Wednesday, October 26, 2011

Lost in translation?

Or just a cop-out because the word's subtle meanings are too hard to convey on an air freshener can?

I decide.

I'm not fluent in Spanish, but I know enough to know that this translation is a cop out. "Spring & renewal" is certainly a masterful stroke of marketing for the English language, and it works very well on this can of product. It sounds good, it sounds fresh, and who wouldn't want to be renewed every time they spritzed a bit of sweet smelling stuff into the air?

Overall, it sounds nice.

But "renewal" doesn't translate well into Spanish. The closest word to it is "renovaciĆ³n", and I get the feeling that the marketing types at Febreze felt that they couldn't put that word directly below the English word because it would remind English-speakers of home renovations (surely a stressful and dusty activity) rather than pleasant, fragrant renewals.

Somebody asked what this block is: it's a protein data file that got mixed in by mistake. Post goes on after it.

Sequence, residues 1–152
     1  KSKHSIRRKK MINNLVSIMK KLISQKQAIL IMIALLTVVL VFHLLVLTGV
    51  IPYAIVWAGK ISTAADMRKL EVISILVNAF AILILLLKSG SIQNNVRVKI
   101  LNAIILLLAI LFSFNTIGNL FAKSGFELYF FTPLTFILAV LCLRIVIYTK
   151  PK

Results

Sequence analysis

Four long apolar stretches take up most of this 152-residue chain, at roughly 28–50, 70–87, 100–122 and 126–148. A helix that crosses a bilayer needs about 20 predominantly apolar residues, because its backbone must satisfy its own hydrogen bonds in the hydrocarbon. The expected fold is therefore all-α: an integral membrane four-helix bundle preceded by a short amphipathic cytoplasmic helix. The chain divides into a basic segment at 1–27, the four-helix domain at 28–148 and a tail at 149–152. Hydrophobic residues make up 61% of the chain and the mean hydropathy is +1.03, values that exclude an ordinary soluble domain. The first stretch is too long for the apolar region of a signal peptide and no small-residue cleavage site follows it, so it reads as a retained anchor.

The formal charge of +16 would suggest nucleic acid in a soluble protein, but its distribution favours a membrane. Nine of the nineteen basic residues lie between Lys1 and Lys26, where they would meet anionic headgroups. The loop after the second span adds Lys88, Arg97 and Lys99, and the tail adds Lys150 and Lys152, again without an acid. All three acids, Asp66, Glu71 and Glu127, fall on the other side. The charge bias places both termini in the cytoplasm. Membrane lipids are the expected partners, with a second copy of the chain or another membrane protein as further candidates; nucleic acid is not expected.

So they picked the best word they could come up with that conveys nice, pleasing scents. "Flores". Which means "flowers". It's a nice word, but it certainly doesn't mean "renewal". And I don't blame the marketers for choosing that word. Explaining in Spanish the exact concept of renewal would result in clunky phrases or long, letter-cluttered words (like "rejuvenecimiento"), and nobody wants that on their air freshener cans. They'd prefer to think of sweetly scented things, like flowers. And they certainly don't want to think too much about what it is they are supposed to be smelling.

So, Febreze Marketing Department, it is a translation cop out. I know that. But it is an understandable one, and I don't fault you for it.

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